Pro #3 No upfront minimums

Since this product is always being manufactured most suppliers won’t require you to order a minimum amount. You can order exactly what you need all the time. This is perfect for those who use drop shipping suppliers. Without minimums you can drop ship on demand. You don’t need to wait to get 10 orders in, as one order comes in you can drop ship it out. This cuts down significantly on delivery times for your customers, giving you a good chance for repeat business.

Con #1 No customization or control

This is the big reason why someone wouldn’t want to go with white labelling. They can’t customize their product or their formula and are stuck with whatever the manufacturer goes with. You have no control over what goes into your product; you are at the mercy of the manufacturer. This can be frustrating for a lot of people as they may know something about the product or have a good idea to tweak and improve it. But since they have no control their ideas can’t be seen through.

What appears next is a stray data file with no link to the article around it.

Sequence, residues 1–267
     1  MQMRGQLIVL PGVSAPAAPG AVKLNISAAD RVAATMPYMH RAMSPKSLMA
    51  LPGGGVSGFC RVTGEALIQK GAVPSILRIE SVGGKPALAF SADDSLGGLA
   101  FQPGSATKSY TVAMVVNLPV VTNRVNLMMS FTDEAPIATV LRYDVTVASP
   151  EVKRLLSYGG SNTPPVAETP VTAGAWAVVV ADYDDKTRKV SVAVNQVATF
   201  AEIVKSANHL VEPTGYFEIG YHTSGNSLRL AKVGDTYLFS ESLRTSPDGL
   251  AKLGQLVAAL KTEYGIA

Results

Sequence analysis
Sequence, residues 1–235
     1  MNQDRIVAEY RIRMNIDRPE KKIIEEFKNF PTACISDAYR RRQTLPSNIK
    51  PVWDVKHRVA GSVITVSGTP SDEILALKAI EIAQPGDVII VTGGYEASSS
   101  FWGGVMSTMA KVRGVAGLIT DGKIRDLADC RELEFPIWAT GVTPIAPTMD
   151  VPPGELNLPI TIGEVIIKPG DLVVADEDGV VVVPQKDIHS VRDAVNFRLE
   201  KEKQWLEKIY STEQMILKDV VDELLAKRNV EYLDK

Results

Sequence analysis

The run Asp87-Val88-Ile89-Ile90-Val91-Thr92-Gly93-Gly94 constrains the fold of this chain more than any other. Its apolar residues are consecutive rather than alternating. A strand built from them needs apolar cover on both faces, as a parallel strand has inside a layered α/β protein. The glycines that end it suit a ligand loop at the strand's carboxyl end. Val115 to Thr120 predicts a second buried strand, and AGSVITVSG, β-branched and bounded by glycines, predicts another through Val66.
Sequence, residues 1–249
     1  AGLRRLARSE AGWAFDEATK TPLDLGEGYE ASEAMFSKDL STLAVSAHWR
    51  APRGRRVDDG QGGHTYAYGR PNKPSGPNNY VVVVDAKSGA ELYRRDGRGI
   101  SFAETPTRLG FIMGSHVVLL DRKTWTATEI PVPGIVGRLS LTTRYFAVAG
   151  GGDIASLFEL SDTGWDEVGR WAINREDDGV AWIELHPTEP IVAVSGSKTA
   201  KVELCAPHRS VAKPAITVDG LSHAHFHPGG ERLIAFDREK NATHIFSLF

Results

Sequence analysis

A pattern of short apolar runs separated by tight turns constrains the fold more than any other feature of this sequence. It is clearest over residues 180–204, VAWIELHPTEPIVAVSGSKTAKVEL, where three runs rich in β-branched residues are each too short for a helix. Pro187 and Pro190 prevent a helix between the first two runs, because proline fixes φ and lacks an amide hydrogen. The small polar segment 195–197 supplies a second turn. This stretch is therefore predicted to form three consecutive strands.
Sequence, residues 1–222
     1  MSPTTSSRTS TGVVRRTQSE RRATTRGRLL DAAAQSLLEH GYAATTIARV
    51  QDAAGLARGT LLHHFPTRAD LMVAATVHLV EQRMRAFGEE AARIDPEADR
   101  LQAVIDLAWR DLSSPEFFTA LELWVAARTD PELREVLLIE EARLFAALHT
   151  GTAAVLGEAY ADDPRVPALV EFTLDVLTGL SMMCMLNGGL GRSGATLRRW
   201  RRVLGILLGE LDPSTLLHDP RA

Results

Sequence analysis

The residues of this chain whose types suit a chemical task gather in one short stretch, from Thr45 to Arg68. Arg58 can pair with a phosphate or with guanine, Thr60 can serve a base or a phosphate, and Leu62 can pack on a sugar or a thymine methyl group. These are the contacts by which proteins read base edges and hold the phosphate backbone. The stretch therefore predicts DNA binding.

Con #2 May not feel as passionate

With the customization completely out of your hands, some may find themselves less passionate about the product. When you create something that is your own, you are going to be more connected to that product and really believe in it. You are going to be motivated to sell that product and to show your consumers just how good of a product you designed. When that is taken away that passion could slide away. If you are not as passionate or motivated it could easily affect your drive, resulting in fewer sales and ultimately a less profitable business.